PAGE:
Chirac's message

July 11, 1995

There is logic to the repeated argument of France's new president, Jacques Chirac, that the European Union should have more influence on the Middle East peace process at the expense of the United States. The logic is that -- at least according to official French figures -- the U.S. gave $9 billion in aid to countries of the Middle East while European states contributed more than three times as much, $31 billion in 1993.

Mr. Chirac is on an old French kick of demanding grandeur and trying to reduce the United States role. Shades of Charles de Gaulle. The catch is that Mr. Chirac is seeking it for Europe, or its "inner" Franco-German core, and not for France alone. His pretensions are more realistically scaled to existing power relationships.

In the short run, no such thing will occur. The European Union is not up to a common foreign policy. In a region closer to its vital interests, Bosnia, the countries of the European Union are unable to agree on the outcome they should seek or the commitment they should make. A European effort to supplant U.S. influence in the Middle East would devolve into competitive wooing of clients.

But in the longer run, U.S. influence is going to be dissipated in favor of European or other nations because of the U.S. deficit and the concomitant need to reduce U.S. aid. Argueably, this has begun.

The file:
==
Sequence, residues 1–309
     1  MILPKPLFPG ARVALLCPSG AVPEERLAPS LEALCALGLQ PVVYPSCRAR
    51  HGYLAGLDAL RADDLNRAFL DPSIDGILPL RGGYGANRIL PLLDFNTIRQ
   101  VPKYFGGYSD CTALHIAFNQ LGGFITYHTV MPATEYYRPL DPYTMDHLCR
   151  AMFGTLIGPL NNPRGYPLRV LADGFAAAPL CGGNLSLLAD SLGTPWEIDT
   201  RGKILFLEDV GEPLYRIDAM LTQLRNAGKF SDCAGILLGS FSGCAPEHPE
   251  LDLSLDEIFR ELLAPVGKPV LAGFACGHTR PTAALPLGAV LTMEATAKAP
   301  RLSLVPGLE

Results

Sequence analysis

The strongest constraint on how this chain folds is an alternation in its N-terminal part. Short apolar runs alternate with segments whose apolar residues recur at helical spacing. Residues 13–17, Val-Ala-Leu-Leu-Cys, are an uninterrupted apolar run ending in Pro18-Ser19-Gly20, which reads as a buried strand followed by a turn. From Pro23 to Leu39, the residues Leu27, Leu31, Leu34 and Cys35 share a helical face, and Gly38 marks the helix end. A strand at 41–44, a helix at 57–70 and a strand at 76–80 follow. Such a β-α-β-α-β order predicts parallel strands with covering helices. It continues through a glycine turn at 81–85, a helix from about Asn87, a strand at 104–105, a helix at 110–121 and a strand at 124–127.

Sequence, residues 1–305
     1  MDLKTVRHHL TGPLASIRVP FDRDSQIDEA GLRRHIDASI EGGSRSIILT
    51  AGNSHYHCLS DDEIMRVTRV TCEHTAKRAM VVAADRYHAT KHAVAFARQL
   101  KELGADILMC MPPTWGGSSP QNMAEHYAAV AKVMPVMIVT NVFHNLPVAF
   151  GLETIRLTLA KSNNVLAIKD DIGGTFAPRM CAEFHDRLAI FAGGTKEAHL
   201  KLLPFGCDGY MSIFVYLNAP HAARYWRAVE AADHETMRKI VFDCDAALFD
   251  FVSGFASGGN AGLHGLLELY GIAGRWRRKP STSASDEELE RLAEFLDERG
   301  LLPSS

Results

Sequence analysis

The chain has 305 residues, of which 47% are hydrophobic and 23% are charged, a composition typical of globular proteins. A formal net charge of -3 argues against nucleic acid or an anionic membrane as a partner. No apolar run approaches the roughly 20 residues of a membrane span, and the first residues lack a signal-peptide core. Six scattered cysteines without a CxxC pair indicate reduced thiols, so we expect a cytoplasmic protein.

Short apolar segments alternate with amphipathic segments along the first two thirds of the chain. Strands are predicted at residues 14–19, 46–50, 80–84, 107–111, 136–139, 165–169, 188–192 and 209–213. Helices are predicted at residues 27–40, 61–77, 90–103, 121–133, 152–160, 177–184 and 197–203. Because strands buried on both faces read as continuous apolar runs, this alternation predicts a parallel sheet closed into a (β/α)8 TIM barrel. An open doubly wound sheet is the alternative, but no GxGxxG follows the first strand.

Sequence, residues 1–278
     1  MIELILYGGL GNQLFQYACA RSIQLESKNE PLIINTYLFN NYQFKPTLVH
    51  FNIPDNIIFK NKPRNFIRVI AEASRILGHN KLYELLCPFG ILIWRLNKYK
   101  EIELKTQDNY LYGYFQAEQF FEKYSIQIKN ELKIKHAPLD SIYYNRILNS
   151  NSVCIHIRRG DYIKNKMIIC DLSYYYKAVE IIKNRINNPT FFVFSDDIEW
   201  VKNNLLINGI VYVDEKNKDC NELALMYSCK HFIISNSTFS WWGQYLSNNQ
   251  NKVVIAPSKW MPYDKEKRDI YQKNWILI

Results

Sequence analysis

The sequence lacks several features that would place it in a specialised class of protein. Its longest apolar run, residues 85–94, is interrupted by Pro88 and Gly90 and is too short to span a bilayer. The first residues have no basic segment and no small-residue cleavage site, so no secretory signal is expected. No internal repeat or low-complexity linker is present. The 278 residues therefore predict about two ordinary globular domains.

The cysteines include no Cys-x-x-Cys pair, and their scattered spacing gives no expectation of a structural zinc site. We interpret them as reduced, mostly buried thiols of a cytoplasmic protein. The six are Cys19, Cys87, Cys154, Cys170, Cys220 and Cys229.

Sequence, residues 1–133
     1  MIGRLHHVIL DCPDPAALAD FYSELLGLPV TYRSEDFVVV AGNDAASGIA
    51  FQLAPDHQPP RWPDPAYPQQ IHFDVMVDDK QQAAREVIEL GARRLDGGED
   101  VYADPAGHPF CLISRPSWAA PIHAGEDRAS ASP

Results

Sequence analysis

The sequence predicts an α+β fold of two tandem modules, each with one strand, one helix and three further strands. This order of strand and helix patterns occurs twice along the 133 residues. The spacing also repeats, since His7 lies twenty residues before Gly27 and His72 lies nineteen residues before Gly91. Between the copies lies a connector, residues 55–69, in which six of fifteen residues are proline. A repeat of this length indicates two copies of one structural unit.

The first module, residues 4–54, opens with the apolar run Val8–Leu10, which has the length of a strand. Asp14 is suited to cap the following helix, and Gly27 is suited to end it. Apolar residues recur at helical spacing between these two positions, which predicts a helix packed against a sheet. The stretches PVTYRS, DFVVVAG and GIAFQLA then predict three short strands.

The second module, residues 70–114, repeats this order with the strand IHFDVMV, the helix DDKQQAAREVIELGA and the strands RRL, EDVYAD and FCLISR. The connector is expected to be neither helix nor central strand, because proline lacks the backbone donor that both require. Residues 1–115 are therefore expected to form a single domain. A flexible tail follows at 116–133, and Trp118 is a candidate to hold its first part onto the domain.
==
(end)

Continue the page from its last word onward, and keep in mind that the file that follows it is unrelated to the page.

The people who should be listening most to President Chirac are the Republicans in the U.S. Senate trying to decide just how much to pare back U.S. aid. Washington politicians who dismiss foreign aid as charity down a rathole should reflect seriously on the degree of influence in the world that they wish the U.S. to have.

Foreign aid brings influence. No one should pretend otherwise. Anyone who believes that U.S. nuclear domination alone makes everyone bend to our will is hopelessly naive.

The budget-paring in foreign affairs, whatever the individual outcomes for the State Department, the Agency for International Development, USIA, international lending institutions and other instruments of foreign influence, reduces the U.S. ability to shape the world to fit its interests, commitments or ideals. That is the price being paid.

The American budget deficit and attempts to remedy it in the foreign policy slice of the pie weaken the U.S. and fortify the message of France's new president.

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